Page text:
Importance of sleep
Sleep is essential for your health and well being, according to the National Sleep Foundation (NSF). Yet millions of people do not get enough sleep and many suffer from lack of sleep. For example, surveys conducted by the NSF reveal that at least 40 million Americans suffer from over 70 different sleep disorders and 60 percent of adults report having sleep problems a few nights a week or more. Most of those with these problems go undiagnosed and untreated. In addition, more than 40 percent of adults experience daytime sleepiness severe enough to interfere with their daily activities at least a few days each month - with 20 percent reporting problem sleepiness a few days a week or more. Furthermore, 69 percent of children experience one or more sleep problems a few nights or more during a week.
How environment and behavior affect a person’s sleep
Stress is the number one cause of short-term sleeping difficulties, according to sleep experts. Common triggers include school- or job-related pressures, a family or marriage problem and a serious illness or death in the family. Usually the sleep problem disappears when the stressful situation passes. However, if short-term sleep problems such as insomnia aren't managed properly from the beginning, they can persist long after the original stress has passed.
Drinking alcohol or beverages containing caffeine in the afternoon or evening, exercising close to bedtime, following an irregular morning and nighttime schedule, and working or doing other mentally intense activities right before or after getting into bed can disrupt sleep.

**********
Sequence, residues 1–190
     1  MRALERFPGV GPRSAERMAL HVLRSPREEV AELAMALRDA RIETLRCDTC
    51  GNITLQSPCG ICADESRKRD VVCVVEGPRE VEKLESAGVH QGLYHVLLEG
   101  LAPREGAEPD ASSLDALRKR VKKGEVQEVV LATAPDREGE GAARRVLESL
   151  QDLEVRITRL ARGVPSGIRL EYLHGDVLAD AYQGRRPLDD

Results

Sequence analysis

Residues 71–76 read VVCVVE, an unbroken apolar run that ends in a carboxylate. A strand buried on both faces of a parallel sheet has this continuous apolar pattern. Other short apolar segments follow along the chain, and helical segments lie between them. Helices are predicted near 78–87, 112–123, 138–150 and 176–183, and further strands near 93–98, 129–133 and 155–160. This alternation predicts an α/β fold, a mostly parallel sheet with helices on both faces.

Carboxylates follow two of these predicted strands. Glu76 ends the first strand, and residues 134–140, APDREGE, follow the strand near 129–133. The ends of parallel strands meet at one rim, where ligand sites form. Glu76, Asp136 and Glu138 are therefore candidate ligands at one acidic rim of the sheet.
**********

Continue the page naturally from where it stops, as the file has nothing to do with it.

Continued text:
Traveling also disrupts sleep, especially jet lag and traveling across several time zones. This can upset your biological or “circadian” rhythms.
Environmental factors such as a room that's too hot or cold, too noisy or too brightly lit can be a barrier to sound sleep. And interruptions from children or other family members can also disrupt sleep. Other influences to pay attention to are the comfort and size of your bed and the habits of your sleep partner. If you have to lie beside someone who has different sleep preferences, snores, can't fall or stay asleep, or has other sleep difficulties, it often becomes your problem too!
Having a 24/7 lifestyle can also interrupt regular sleep patterns: the global economy that includes round the clock industries working to beat the competition; widespread use of nonstop automated systems to communicate and an increase in shift work makes for sleeping at regular times difficult.
According to leading sleep researchers, there are techniques to combat common sleep problems:
-Keep a regular sleep/wake schedule
-Don’t drink or eat caffeine four to six hours before bed and minimize daytime use
-Don’t smoke, especially near bedtime or if you awake in the night
-Avoid alcohol and heavy meals before sleep
-Get regular exercise
-Minimize noise, light and excessive hot and cold temperatures where you sleep
-Develop a regular bed time and go to bed at the same time each night
-Try and wake up without an alarm clock
-Attempt to go to bed earlier every night for certain period; this will ensure that you’re getting enough sleep
Being well organized for the next day will help you sleep better and sounder.
Click here to learn more with our Workload Management Curriculum
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